The Much Sought After Non-Native: Himalayan Snowcock

4:25 AM, Island Lake Trailhead, Ruby Mountains, Nevada.

Himalayan Snowcock. This introduced game bird is legendarily very hard to add to you ABA life list. Partly because it has an extremely small range in the Ruby Mountains in northeastern Nevada. It is also very skittish because, well, it’s a game bird after all. The snowcock, a native of southern Asia, was introduced in the Ruby Mountains in the 1963 and has a sustained breeding population.

To add this bird to your list you have to put in some sweat equity or have a ton of money (like the Steve Martin character in The Big Year, who hires a helicopter to see this bird!)

To see this bird with sweat and effort takes a two mile hike up the Island Lake Trail. From the trailhead to the lake is an elevation gain of about 1,000 feet and features many switchbacks.

The beginning of all things snowcock, the trail head for Island Lake. (This photo was taken on my return journey.)

What makes this trail perhaps a little bit more challenging is that most of the hike is done in darkness. The snowcock begins calling at about 5:45 AM and I planned to be in place by 5:30 to listen for and scan the ridges for snowcock. They seem to be harder to find later in the morning and in the afternoon.

And so I found myself, after a restless night of sleep, at the Island Lake Trailhead at 4:25 AM. On my forehead was the 400 Lumen Black Diamond Storm headlamp and on my back was an unwelding backpack with my scope, tripod, bins, camera, and sketchbook. In my hands where trekking poles to help with balance and pace and to fend off mountains lions or bears.

The headlamp provided a great pool of light to see the trail ahead. I turned my beam downslope and I picked up eyeshine. I boosted the power and was relieved to see that it was just a deer. Wait, where there is deer, there is mountain lion!!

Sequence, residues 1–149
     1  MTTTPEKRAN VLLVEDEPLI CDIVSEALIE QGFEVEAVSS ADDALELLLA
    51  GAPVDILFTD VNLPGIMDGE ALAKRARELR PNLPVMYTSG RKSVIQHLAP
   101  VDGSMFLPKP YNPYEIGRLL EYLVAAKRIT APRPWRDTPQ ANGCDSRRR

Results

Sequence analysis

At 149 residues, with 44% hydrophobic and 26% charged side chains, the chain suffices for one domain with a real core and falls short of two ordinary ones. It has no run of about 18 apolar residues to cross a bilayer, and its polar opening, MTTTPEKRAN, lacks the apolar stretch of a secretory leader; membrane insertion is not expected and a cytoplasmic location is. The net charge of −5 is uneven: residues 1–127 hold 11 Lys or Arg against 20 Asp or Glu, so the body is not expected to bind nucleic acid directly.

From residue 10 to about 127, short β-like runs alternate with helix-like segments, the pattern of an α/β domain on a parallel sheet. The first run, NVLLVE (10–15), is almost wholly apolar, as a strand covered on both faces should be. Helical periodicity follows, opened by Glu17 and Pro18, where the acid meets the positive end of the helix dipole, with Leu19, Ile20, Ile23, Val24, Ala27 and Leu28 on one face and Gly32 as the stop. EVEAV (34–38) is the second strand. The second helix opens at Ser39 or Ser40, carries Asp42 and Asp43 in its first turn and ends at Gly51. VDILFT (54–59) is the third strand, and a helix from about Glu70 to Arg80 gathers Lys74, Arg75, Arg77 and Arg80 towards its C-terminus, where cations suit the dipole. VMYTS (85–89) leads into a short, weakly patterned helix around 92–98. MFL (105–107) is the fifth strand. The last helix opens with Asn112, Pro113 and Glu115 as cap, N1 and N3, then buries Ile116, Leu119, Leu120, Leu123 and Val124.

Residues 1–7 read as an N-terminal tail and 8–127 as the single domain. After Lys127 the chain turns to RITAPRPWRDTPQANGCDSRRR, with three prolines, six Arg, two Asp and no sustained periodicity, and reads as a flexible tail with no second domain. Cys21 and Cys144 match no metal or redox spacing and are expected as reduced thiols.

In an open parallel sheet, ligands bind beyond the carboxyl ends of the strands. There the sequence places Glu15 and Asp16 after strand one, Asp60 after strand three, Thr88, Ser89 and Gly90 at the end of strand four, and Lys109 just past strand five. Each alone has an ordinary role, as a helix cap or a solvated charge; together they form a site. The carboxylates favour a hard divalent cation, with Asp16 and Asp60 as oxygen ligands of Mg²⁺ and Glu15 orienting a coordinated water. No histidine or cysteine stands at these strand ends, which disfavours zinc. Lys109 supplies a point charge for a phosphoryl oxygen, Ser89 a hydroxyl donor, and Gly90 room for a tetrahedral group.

About 15 minutes into my assent I came to the first switchback. Even in the glow of my headlamp I could see the trail was surrounded by wildflowers. I was looking forward to my return journey in morning light, hopefully with snowcock in the bag.

By the time I reached the wooden bridge across the falls, I was at the halfway point of the accent. At this point it was light enough to see and I stowed my headlamp. Here is where the switchbacks begin in earnest.

After a while I lost count of how many times the trail switched back on itself but I finally saw the ridge line in the half light and I knew I was near the end of the trail at Island Lake.

At the lake the trail forked and I headed to the right and soon the scrabble up to the northwest was to begin. This is where having trekking poles pays off. I headed up to one of the last group of trees, near a creek and I found a boulder seat to set up my scope and scan the ridges. It was now 5:30 AM.

A scope view from my position and the ridges that I would hopefully see this tough ABA lifer.

Now was the waiting time. Other reports had snowcocks calling from the ridge at 5:45. It was just a matter of time. But I also knew that snowcock is not always a given. Part of the unsigned agreement with the Birding Gods is that the more effort you put into seeing a bird does not guarantee seeing the bird.

At 5:55 AM I heard the far off bugle of a snowcock! The call in reminiscent of an elk bugle. I scanned the ridges with my scope to look for a bird silhouetted against the sky. At 6 AM I spotted the snowcock! I had the bird in view for about ten minutes and I was able get some far off photos to document the sighting.

A snowcock calling on the ridge!! All my effort had paid off!

The snowcock moved up slope and then dropped down on my side of the ridge where it disappeared amongst the rock. I pulled out my panoramic sketchbook and sketch the jagged ridge line of the Ruby Mountains and I drew in an arrow where I had first seen the Himalayan snowcock.

What a great experience with a much sought after ABA bird. Any lister wants this bird on their list and it is only found in one place in the United States. It was well worth the effort and the scenery and the return hike amongst the high elevation wildflowers was a nice coda.

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